Nearly a year ago, senior Judiciary Committee Democrat John Conyers (D-MI) asked the GAO to investigate electronic voting machines as they were used during the November 2, 2004 presidential election. The request came amidst widespread complaints in Ohio and elsewhere that often shocking irregularities defined their performance.

According to CNN, the U.S. House Judiciary Committee received "more than 57,000 complaints" following Bush's alleged re-election. Many such concerns were memorialized under oath in a series of sworn statements and affidavits in public hearings and investigations conducted in Ohio by the Free Press and other election protection organizations.

The non-partisan GAO report has now found that, "some of [the] concerns about electronic voting machines have been realized and have caused problems with recent elections, resulting in the loss and miscount of votes."

The United States is the only major democracy that allows private partisan corporations to secretly count and tabulate the votes with proprietary non-transparent software. Rev. Jesse Jackson, among others, has asserted that "public elections must not be conducted on privately-owned machines." The CEO of one of the most crucial suppliers of electronic voting machines, Warren O'Dell of Diebold, pledged before the 2004 campaign to deliver Ohio and thus the presidency to George W. Bush.

Bush's official margin of victory in Ohio was just 118,775 votes out of more than 5.6 million cast. Election protection advocates argue that O'Dell's statement still stands as a clear sign of an effort, apparently successful, to steal the White House.

Among other things, the GAO confirms that:

1. Some electronic voting machines "did not encrypt cast ballots or system audit logs, and it was possible to alter both without being detected." In other words, the GAO now confirms that electronic voting machines provided an open door to flip an entire vote count. More than 800,000 votes were cast in Ohio on electronic voting machines, some seven times Bush's official margin of victory.

2. "It was possible to alter the files that define how a ballot looks and works so that the votes for one candidate could be recorded for a different candidate." Numerous sworn statements and affidavits assert that this did happen in Ohio 2004.

3. "Vendors installed uncertified versions of voting system software at the local level." 3. Falsifying election results without leaving any evidence of such an action by using altered memory cards can easily be done, according to the GAO.

4. The GAO also confirms that access to the voting network was easily compromised because not all digital recording electronic voting systems (DREs) had supervisory functions password-protected, so access to one machine provided access to the whole network. This critical finding confirms that rigging the 2004 vote did not require a "widespread conspiracy" but rather the cooperation of a very small number of operatives with the power to tap into the networked machines and thus change large numbers of votes at will. With 800,000 votes cast on electronic machines in Ohio, flipping the number needed to give Bush 118,775 could be easily done by just one programmer.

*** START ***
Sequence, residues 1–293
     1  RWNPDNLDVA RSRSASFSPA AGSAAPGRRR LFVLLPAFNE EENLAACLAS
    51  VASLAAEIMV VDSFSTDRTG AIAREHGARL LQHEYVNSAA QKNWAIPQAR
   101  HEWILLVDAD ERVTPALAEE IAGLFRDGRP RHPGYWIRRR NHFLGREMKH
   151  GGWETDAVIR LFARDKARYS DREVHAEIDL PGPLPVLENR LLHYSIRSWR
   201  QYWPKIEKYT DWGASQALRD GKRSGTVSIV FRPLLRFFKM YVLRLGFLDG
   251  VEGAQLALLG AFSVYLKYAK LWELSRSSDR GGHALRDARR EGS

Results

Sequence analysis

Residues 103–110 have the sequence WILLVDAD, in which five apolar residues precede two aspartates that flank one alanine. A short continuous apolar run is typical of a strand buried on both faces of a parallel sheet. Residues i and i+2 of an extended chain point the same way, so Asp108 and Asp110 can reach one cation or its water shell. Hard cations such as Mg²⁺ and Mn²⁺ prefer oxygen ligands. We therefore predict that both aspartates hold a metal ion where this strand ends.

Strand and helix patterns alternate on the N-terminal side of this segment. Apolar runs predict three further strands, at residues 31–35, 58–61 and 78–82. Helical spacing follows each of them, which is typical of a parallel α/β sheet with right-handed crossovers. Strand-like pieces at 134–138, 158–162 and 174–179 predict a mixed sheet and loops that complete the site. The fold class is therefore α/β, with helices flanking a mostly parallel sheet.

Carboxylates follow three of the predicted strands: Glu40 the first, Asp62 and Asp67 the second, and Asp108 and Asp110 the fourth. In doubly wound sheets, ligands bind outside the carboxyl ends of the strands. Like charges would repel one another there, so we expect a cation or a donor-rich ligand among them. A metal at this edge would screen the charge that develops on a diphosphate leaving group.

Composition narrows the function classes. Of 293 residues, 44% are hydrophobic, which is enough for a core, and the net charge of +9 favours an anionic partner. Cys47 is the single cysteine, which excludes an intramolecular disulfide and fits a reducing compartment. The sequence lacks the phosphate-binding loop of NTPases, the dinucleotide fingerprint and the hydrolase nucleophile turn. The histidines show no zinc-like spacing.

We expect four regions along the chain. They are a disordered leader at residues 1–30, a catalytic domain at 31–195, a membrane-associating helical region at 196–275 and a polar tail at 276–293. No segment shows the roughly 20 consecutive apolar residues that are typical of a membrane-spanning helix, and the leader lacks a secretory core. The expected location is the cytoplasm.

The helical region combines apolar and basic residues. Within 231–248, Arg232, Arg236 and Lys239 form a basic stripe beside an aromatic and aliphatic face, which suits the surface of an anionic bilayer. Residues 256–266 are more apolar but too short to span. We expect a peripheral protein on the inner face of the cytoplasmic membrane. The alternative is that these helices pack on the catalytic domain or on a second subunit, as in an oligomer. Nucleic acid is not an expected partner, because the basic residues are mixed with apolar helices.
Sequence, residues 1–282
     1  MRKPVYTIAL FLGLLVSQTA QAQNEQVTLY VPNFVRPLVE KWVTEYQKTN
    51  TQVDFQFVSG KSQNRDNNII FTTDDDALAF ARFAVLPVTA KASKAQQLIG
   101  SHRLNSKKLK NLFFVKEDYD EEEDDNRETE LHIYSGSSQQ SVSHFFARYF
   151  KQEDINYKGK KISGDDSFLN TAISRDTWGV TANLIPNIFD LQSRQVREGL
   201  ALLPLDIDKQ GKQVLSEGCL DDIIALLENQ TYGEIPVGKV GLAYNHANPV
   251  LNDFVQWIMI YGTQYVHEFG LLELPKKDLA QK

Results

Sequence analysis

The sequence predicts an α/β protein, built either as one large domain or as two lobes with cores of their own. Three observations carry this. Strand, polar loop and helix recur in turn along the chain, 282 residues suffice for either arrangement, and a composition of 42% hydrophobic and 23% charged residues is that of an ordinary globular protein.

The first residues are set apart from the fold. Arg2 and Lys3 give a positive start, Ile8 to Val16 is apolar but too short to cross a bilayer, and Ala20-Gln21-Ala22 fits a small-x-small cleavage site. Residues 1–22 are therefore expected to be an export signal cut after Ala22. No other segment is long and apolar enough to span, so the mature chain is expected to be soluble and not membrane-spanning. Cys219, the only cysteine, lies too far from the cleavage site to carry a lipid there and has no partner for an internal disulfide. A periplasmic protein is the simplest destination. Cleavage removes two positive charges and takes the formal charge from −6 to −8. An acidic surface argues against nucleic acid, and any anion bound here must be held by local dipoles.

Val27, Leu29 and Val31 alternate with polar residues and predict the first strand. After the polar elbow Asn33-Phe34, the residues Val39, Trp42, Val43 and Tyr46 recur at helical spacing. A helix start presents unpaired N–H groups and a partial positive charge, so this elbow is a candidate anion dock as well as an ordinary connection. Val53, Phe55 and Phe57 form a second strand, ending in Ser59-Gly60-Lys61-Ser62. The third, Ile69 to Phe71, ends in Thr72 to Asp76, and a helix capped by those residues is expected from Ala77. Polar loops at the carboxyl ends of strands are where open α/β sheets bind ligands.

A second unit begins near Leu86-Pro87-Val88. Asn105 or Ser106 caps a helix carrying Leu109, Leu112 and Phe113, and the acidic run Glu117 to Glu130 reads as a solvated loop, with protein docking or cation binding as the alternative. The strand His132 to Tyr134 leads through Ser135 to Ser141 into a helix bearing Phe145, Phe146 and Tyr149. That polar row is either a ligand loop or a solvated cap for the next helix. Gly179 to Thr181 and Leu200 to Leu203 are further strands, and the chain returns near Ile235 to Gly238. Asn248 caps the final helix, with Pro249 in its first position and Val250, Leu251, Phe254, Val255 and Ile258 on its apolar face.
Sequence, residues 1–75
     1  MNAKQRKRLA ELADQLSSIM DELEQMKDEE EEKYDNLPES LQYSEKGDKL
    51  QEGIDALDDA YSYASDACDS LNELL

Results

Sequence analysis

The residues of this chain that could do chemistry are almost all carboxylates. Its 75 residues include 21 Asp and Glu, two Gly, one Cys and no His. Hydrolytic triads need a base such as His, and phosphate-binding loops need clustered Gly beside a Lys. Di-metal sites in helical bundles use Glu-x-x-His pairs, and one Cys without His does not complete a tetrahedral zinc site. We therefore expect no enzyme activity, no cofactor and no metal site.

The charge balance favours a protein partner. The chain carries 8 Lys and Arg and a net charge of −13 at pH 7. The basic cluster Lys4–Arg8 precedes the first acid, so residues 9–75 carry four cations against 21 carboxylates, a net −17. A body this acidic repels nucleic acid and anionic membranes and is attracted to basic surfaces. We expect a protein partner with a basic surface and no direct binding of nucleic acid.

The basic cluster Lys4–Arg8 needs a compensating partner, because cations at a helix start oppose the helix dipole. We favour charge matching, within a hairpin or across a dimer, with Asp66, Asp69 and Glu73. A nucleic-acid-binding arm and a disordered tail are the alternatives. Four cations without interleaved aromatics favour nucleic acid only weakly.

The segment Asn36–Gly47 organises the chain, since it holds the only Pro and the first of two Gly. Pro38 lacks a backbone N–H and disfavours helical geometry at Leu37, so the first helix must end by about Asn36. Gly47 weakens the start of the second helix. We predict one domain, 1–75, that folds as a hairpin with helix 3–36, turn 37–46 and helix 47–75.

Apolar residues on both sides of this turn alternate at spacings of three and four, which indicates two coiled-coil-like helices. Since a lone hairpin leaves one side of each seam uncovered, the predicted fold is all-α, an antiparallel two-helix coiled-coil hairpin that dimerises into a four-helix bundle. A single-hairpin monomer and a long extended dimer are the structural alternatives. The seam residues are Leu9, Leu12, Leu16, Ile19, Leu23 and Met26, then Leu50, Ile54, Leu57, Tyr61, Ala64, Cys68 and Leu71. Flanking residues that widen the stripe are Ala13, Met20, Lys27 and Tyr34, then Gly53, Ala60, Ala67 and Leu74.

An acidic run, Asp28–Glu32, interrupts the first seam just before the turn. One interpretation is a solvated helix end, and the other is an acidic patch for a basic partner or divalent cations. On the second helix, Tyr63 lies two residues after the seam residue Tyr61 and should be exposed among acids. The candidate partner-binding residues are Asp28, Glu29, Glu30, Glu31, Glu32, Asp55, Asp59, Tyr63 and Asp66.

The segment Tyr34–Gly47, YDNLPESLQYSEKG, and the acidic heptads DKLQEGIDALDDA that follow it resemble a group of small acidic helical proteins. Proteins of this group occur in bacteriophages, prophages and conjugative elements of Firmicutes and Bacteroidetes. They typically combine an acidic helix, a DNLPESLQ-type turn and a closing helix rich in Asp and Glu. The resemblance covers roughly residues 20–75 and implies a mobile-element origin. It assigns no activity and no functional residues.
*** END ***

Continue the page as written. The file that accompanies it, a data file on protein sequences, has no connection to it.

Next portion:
5. Access to the voting network was also compromised by repeated use of the same user IDs combined with easily guessed passwords. So even relatively amateur hackers could have gained access to and altered the Ohio vote tallies.

6. The locks protecting access to the system were easily picked and keys were simple to copy, meaning, again, getting into the system was an easy matter.

7. One DRE model was shown to have been networked in such a rudimentary fashion that a power failure on one machine would cause the entire network to fail, re-emphasizing the fragility of the system on which the Presidency of the United States was decided.

8. GAO identified further problems with the security protocols and background screening practices for vendor personnel, confirming still more easy access to the system.

In essence, the GAO study makes it clear that no bank, grocery store or mom & pop chop shop would dare operate its business on a computer system as flimsy, fragile and easily manipulated as the one on which the 2004 election turned.

The GAO findings are particularly damning when set in the context of an election run in Ohio by a Secretary of State simultaneously working as co-chair of the Bush-Cheney campaign. Far from what election theft skeptics have long asserted, the GAO findings confirm that the electronic network on which 800,000 Ohio votes were cast was vulnerable enough to allow a a tiny handful of operatives -- or less -- to turn the whole vote count using personal computers operating on relatively simple software.

The GAO documentation flows alongside other crucial realities surrounding the 2004 vote count. For example:

The exit polls showed Kerry winning in Ohio, until an unexplained last minute shift gave the election to Bush. Similar definitive shifts also occurred in Iowa, Nevada and New Mexico, a virtual statistical impossibility.

A few weeks prior to the election, an unauthorized former ES&S voting machine company employee, was caught on the ballot-making machine in Auglaize County